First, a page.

What gov't has done so far to prepare for Typhoon Ompong

MANILA, Philippines – As President Rodrigo Duterte held a command conference on Typhoon Ompong (Mangkhut) on Thursday afternoon, September 13, practically the entire Luzon was placed under Signal No. 1.

By Thursday evening, Isabela had already been placed under Signal No. 2, with Ompong continuing to threaten Northern Luzon. (READ: Duterte sends Cabinet members to Luzon provinces in Ompong's path)

The National Disaster Risk Reduction and Management Council (NDRRMC) has been on red alert since September 11, which means its personnel are on duty 24/7.

Office of Civil Defense (OCD) Undersecretary and NDRRMC Executive Director Ricardo Jalad also said response clusters have been activated. During a typhoon's landfall, this means several teams are deployed to respond to affected communities.(READ: EXPLAINER: Who's supposed to be in charge during disasters?)

These clusters are responsible for ensuring crucial assistance is provided to typhoon-hit areas.

Here's what the government has done so far to prepare for Ompong:

Clusters: Logistics, emergency telecommunications

Department of Social Welfare and Development (DSWD)
Clusters: Food and non-food items, coordination and management, protection of internally displaced persons

Earlier, the DSWD also announced it had gone on red alert to monitor areas in the path of Ompong and prepare for disaster response. It also secured communication lines and prepositioned food and non-food items for quick delivery to affected areas.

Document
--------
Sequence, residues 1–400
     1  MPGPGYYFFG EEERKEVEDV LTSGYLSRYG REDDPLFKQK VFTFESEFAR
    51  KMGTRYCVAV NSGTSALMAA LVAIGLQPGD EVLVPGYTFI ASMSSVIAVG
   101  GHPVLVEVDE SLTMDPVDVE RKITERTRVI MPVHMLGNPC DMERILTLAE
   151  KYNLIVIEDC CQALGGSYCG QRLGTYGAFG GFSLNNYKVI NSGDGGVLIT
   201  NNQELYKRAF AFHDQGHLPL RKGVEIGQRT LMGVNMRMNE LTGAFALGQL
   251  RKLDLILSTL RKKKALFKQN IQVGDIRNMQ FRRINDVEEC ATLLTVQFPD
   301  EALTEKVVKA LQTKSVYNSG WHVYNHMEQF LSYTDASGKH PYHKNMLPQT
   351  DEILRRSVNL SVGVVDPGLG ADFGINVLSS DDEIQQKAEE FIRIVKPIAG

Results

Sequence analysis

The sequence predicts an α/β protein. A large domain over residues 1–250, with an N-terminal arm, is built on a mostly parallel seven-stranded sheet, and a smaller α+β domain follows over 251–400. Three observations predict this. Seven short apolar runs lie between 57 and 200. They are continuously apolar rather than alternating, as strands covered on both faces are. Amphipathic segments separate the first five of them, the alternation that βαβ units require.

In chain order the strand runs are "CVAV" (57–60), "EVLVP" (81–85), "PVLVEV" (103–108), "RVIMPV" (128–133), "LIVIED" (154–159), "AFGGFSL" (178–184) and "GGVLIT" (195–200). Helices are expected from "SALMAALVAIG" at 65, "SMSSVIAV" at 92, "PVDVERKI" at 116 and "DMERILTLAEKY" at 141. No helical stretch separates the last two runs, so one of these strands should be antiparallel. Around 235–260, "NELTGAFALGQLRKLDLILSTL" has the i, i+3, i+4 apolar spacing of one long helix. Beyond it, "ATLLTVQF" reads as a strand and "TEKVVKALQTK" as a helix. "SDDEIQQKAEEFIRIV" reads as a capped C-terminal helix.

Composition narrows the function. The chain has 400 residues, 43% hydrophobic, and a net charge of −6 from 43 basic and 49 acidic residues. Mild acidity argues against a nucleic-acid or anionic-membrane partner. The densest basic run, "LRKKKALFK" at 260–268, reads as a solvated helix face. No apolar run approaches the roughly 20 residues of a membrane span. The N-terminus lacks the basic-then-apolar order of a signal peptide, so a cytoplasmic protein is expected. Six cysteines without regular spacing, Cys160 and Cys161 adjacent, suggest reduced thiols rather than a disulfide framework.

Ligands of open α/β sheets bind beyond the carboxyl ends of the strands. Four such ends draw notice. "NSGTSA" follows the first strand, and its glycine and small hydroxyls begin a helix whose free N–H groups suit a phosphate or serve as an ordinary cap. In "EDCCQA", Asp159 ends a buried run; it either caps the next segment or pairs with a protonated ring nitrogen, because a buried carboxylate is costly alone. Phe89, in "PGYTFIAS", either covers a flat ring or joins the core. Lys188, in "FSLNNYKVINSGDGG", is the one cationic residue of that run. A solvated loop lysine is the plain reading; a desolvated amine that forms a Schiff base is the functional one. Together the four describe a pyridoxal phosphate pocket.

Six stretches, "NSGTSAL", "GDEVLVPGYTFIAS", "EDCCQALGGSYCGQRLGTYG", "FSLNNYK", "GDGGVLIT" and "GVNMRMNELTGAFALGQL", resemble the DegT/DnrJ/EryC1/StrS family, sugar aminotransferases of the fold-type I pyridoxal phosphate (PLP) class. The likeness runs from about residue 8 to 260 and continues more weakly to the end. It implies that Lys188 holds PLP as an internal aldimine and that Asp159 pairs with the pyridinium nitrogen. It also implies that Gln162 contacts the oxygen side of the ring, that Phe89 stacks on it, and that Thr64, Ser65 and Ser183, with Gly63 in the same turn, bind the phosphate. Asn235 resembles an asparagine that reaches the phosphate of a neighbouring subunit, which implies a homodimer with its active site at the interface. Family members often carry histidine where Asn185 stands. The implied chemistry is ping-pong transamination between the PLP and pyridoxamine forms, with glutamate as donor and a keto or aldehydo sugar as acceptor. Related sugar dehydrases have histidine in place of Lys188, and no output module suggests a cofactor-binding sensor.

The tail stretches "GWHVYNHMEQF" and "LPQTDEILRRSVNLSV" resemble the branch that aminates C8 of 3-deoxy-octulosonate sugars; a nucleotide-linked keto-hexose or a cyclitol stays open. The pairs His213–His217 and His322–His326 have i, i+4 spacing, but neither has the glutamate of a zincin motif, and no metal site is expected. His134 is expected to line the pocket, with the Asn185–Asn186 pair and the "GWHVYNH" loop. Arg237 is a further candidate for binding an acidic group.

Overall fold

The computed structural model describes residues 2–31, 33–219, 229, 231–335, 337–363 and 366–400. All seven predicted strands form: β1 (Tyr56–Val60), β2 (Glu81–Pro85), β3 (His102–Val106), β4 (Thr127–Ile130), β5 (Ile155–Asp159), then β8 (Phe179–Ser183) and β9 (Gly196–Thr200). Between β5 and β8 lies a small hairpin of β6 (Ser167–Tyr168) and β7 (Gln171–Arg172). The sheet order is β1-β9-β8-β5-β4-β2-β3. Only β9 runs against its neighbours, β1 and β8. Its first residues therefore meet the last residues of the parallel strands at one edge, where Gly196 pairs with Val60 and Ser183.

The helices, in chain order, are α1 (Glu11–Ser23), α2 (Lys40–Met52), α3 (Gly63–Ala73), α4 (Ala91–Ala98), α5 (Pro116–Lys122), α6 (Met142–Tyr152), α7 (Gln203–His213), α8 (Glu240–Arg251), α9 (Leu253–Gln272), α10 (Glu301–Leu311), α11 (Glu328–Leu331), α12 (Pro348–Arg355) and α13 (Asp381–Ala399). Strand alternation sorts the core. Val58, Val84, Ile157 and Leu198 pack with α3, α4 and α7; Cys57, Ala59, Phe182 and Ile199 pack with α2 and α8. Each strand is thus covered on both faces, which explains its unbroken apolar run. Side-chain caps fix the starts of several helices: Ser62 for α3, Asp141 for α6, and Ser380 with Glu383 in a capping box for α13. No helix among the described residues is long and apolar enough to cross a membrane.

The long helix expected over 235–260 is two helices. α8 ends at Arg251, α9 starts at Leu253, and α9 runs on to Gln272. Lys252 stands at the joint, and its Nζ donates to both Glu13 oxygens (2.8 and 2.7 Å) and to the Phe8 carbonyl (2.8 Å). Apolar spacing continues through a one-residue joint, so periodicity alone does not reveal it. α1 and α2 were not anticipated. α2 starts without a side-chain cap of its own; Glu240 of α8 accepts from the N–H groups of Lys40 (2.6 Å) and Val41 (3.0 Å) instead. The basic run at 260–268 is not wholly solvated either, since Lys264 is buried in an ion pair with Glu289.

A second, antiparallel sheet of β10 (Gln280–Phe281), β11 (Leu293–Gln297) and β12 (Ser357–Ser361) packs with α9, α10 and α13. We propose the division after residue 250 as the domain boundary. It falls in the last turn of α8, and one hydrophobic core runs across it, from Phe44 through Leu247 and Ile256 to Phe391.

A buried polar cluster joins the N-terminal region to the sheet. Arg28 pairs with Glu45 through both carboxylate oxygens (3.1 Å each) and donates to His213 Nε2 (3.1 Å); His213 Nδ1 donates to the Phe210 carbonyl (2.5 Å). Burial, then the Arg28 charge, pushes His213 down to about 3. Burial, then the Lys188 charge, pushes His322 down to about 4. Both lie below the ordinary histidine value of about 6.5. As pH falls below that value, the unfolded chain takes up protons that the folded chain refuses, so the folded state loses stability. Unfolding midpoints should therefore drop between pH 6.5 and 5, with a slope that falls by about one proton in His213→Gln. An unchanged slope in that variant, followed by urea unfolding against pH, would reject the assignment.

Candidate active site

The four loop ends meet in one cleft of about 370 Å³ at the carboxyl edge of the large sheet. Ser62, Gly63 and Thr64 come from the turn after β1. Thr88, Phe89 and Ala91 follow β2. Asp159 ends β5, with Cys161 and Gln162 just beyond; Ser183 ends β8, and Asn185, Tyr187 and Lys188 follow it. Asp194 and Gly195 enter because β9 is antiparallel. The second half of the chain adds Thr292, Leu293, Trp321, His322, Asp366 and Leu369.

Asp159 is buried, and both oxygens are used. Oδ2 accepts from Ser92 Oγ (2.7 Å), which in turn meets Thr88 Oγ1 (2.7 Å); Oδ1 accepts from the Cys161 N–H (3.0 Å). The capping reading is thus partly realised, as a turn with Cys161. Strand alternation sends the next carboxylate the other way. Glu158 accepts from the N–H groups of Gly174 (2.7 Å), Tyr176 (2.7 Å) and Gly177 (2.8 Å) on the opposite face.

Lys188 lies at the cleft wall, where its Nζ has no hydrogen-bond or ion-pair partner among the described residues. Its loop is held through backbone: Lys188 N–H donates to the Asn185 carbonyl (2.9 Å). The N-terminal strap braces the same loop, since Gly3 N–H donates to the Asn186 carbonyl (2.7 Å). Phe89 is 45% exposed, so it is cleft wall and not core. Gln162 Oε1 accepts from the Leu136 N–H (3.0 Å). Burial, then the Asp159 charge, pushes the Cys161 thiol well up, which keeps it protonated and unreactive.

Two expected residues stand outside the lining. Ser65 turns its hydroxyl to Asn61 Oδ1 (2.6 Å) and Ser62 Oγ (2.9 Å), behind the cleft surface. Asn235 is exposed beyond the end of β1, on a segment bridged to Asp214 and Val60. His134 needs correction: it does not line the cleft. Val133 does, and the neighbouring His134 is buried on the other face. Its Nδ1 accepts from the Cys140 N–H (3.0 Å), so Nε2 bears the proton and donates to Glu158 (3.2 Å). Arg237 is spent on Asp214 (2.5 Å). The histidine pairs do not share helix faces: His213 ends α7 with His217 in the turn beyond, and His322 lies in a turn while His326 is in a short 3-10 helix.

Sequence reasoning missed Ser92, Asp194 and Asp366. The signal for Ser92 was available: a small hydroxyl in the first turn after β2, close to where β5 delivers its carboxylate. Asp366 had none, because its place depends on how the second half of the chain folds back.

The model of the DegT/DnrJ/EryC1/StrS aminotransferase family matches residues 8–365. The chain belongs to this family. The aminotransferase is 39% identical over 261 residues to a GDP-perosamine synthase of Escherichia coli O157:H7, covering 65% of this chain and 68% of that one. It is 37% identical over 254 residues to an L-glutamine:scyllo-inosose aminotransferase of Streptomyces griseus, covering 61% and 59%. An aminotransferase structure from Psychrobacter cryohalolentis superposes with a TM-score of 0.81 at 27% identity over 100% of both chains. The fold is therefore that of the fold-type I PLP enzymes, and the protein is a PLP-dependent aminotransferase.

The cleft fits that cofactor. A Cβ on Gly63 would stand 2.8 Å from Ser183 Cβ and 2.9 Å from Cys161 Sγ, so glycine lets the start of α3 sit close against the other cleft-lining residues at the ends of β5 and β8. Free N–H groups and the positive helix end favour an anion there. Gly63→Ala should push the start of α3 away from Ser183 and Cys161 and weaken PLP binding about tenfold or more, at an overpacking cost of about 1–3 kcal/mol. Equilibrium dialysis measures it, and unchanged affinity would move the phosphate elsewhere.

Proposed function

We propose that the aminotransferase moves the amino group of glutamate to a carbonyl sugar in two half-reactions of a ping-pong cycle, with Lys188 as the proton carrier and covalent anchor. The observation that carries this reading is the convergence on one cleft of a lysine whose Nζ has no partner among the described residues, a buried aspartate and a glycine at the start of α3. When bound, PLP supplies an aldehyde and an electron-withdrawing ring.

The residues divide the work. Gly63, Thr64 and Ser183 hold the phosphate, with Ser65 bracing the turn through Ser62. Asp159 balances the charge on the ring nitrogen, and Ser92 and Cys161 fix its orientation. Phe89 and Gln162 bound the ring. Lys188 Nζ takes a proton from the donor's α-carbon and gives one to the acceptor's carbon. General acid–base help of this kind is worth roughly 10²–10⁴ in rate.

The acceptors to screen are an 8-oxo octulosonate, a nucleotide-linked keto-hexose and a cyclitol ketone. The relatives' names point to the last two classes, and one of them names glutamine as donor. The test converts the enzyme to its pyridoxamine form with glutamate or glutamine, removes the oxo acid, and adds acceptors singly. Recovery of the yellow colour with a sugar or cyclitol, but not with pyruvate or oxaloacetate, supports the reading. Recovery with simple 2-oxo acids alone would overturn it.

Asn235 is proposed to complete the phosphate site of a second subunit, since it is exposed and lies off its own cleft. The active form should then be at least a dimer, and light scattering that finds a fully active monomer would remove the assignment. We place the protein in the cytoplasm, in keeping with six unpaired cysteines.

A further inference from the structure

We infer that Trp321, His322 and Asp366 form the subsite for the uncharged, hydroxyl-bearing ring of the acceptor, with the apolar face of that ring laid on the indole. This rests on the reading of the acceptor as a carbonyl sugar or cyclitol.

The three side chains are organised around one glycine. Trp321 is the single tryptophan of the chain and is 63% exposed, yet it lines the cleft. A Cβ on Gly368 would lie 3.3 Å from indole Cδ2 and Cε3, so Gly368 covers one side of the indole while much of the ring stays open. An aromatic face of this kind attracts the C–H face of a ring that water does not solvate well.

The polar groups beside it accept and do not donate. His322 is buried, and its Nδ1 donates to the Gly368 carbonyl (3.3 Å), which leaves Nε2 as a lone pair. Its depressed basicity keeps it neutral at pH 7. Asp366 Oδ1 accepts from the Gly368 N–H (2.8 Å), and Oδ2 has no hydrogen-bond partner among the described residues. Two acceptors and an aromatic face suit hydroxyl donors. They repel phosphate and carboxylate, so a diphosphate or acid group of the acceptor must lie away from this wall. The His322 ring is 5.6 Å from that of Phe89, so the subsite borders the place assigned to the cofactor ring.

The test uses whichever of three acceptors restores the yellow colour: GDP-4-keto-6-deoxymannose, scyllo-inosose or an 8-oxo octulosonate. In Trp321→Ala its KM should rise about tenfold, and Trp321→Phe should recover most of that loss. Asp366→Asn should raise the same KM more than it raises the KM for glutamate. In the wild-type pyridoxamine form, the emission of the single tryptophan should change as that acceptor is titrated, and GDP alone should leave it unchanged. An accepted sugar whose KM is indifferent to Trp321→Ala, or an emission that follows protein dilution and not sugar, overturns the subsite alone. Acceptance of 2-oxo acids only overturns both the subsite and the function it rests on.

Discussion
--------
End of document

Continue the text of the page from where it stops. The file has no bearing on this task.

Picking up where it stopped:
Department of Health (DOH) 
Clusters: Health, with sub-clusters on health services, water sanitation, mental and psychosocial support, and nutrition

Department of National Defense (DND), Armed Forces of the Philippines (AFP)
Cluster: Search, rescue and retrieval

Deployed 18 teams or about 146 personnel to assist the following clusters and agencies: 

Department of Education (DepEd)

Education Secretary Leonor Briones also said about 7.7 million learners in 19,704 schools have been affected by Ompong as classes have been suspended in at least 11 regions.

Deparment of Energy (DOE)

Department of Labor and Employment (DOLE)

Department of Agriculture (DA)

Agriculture Secretary Emmanuel Piñol also estimated that Ompong would affect a total of 1,220,000 hectares of rice and corn. This may reduce the country's rice supply and result in losses of about P3.6 billion to P7.9 billion.

In addition to these, local government units, the AFP, the Philippine National Police, and the Philippine Coast Guard were also placed on alert to respond to the typhoon.

Ompong is the Philippines' 15th tropical cyclone for 2018. The country usually gets an average of 20 tropical cyclones per year. (READ: LIST: PAGASA's names for tropical cyclones in 2018) – Rappler.com

News you can use during Typhoon Ompong (Mangkhut): 

Sofia Tomacruz

Sofia Tomacruz covers foreign affairs and is the lead reporter on the coronavirus pandemic. She also writes stories on the treatment of women and children. Follow her on Twitter via @sofiatomacruz. Email her at sofia.tomacruz@rappler.com.